Q8. How does the Law Amendments Committee really work?

The government will do everything it can to move a bill through the committee quickly

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A8. I have explained in other posts what the Law Amendments Committee (LAC) is and offered some tips on how to make a good presentation to the LAC. Now I’m going to tell you how it really works. (I’ve also written a post about the unique features of the LAC hearings on Bill 59 in March 2017.)

In particular, a common question I’ve heard is “Can the government limit the number of speakers at the LAC?”

The LAC is where the public is heard. It should be the centrepiece of a democratic legislature. It isn’t. It is not at all user-friendly. That is not an accident.

(By the way, nothing that follows is a knock on the Liberals. The slow march towards an ever more tightly-controlled LAC has occurred under PC, NDP and now Liberal governments.)

A government’s primary interest, especially on a very controversial bill like Bill 75, is to pass the bill as quickly as possible. The rules set some limits on how long each stage of the legislative process can go on.  The only exception is the LAC, which has no official time limit.

As a result, the LAC has become in recent years—at least when it comes to controversial bills—a battleground between government, opposition, and citizens. The procedure is a moving target, and seems to change a little bit with each new controversy. As it turned out, the LAC hearings on Bill 75 in February 2017 featured a hard cut-off. Over 300 of the 400 registered speakers were not heard.

Always remember that the government wants the LAC to be as short as possible, and that they’ve already decided what they want the bill to say. Those are the keys to understanding everything. If you keep those keys in mind, you will understand the following features of the LAC:

  1. The LAC meets only at Province House. That is inconvenient for any citizen who cannot get to downtown Halifax. The government doesn’t care.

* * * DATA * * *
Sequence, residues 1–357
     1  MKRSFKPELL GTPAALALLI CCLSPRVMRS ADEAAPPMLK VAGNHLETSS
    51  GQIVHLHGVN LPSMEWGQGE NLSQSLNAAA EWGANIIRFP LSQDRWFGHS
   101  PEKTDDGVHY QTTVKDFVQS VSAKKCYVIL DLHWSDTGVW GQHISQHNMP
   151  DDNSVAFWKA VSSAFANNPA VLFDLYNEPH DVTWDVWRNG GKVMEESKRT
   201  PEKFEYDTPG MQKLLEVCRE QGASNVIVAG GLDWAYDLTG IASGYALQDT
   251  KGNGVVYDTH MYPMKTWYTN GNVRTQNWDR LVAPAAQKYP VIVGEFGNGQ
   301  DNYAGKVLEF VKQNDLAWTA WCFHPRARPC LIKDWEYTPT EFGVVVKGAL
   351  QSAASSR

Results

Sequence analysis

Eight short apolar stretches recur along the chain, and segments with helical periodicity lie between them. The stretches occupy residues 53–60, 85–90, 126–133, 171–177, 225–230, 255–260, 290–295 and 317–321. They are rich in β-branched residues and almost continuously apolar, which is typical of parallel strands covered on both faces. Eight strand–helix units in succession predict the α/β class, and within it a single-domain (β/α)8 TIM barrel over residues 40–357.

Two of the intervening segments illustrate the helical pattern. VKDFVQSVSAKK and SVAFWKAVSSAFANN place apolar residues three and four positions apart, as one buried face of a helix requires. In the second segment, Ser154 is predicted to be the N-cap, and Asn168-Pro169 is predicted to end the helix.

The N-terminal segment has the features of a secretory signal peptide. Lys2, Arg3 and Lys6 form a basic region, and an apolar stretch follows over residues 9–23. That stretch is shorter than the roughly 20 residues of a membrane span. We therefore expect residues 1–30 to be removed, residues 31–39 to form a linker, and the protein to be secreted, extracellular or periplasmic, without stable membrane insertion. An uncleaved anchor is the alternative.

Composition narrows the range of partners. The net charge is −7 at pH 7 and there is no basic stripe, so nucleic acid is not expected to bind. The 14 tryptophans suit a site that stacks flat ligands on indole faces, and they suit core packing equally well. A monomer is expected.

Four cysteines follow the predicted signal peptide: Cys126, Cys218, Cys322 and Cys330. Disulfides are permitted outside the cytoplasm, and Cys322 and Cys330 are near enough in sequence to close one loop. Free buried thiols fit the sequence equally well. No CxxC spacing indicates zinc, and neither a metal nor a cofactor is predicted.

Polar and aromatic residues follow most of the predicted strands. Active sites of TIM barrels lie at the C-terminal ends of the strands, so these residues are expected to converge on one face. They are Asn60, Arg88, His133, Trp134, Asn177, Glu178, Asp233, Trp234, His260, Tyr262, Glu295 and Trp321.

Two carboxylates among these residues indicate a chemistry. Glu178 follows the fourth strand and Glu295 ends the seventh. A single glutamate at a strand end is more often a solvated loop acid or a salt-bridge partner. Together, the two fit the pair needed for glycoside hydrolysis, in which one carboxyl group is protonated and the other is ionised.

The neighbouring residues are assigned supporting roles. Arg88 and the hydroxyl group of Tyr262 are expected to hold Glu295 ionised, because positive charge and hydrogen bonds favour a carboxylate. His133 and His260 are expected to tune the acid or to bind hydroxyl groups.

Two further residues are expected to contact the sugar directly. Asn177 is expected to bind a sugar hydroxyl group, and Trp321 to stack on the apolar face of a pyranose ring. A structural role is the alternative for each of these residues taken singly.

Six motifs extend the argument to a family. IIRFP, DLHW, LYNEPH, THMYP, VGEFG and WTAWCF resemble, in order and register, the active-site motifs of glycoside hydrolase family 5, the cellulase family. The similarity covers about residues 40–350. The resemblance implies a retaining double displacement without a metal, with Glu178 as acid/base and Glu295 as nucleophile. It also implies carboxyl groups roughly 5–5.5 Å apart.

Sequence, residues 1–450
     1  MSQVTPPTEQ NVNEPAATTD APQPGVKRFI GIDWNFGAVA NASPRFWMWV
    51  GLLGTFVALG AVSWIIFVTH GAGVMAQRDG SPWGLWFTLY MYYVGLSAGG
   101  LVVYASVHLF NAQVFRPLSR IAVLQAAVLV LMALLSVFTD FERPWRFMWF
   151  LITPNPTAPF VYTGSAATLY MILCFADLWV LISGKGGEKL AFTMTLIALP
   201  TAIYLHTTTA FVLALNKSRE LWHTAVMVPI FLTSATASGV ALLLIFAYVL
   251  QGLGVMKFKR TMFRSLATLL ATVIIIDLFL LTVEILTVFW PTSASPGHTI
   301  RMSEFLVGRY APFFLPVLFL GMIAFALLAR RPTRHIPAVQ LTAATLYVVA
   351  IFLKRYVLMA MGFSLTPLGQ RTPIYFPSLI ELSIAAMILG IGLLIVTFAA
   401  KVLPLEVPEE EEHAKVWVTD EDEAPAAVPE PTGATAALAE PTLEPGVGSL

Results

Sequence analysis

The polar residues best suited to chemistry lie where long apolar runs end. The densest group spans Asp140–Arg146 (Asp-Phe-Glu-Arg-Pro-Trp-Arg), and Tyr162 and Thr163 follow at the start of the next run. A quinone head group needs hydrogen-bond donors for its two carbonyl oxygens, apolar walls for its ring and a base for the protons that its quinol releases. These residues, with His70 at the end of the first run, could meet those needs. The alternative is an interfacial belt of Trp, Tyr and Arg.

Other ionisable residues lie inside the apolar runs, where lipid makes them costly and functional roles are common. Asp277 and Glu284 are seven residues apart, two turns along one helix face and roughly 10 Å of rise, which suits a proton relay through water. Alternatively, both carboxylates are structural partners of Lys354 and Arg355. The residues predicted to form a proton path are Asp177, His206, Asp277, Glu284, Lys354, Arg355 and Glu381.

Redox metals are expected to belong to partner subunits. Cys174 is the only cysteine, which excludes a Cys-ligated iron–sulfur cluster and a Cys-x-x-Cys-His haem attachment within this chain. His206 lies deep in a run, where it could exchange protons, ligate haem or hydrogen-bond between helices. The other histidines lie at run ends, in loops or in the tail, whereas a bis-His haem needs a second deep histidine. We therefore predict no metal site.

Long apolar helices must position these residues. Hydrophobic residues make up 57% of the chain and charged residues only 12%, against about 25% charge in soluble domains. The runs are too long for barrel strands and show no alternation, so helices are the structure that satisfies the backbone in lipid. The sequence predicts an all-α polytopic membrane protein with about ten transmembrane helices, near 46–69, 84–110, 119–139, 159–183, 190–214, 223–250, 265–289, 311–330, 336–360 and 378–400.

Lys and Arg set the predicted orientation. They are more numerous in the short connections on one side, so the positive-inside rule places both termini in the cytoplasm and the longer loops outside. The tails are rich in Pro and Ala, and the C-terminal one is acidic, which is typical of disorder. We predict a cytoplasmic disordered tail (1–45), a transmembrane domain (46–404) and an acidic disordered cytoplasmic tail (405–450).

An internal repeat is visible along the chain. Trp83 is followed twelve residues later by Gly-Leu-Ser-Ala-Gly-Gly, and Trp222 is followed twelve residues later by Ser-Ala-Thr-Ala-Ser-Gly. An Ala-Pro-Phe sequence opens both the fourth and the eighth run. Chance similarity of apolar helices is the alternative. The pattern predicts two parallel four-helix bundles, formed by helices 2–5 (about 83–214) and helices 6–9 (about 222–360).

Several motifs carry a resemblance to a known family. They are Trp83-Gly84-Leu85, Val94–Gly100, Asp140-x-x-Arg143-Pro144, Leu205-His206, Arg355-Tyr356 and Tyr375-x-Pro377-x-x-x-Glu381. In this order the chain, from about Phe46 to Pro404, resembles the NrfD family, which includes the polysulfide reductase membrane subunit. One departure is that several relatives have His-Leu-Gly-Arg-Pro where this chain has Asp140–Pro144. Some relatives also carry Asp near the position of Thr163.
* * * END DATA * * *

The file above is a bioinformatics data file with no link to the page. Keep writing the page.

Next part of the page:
2. The LAC sometimes meets at short notice. That is inconvenient for any citizen who does not have a very flexible schedule. The government doesn’t care.
  3. The LAC sometimes has very, very, very long meetings. That is inconvenient for any citizen who cannot, for example, be available to present at 2:25am on a Thursday morning. The government doesn’t care.
  4. Committee members receive written submissions but don’t usually read them.
  5. Government members on the LAC don’t ask questions. That’s because if they do, it just adds to the time.
  6. Government MLAs sometimes don’t pay a lot of attention to what’s being said. That’s because their instruction is to pass the bill through the LAC as quickly as possible without amendment. Sometimes government MLAs make it a little too obvious that they’re bored and not paying attention to the citizen who is speaking.
  7. Sometimes the MLAs will bicker over procedure. It’s almost always about time. The chair will make rulings on any procedural question, and will almost always favour the government. Because the government members have a majority, they can essentially dictate what the answer to any procedural dispute will be.

On most bills, there are no presenters at LAC. On some bills, there may be one or two presenters. They may get up to 20 minutes. On a controversial bill with a lot of presenters, the presentations can be shortened to as little as five minutes. I’ve never seen the time set at fewer than five minutes. When the five minutes is up, the presenter is cut off and the committee moves to the next presenter.

Can the government limit the number of presenters? If you had asked me 15 years ago, I would have said No. If you ask me today, I would say Yes. The precedent has been established.

After trying different tactics over the years, the government seems to have settled on the position that the LAC can set an overall time limit on its proceedings. They can (for example) declare on Wednesday that they will accept no more presenters after midnight on Thursday.

And if that means some citizens will not be heard, then so be it.

 

 

Author: Graham Steele

A former MLA in Nova Scotia, currently Professor of Business Law in the Rowe School of Business at Dalhousie University

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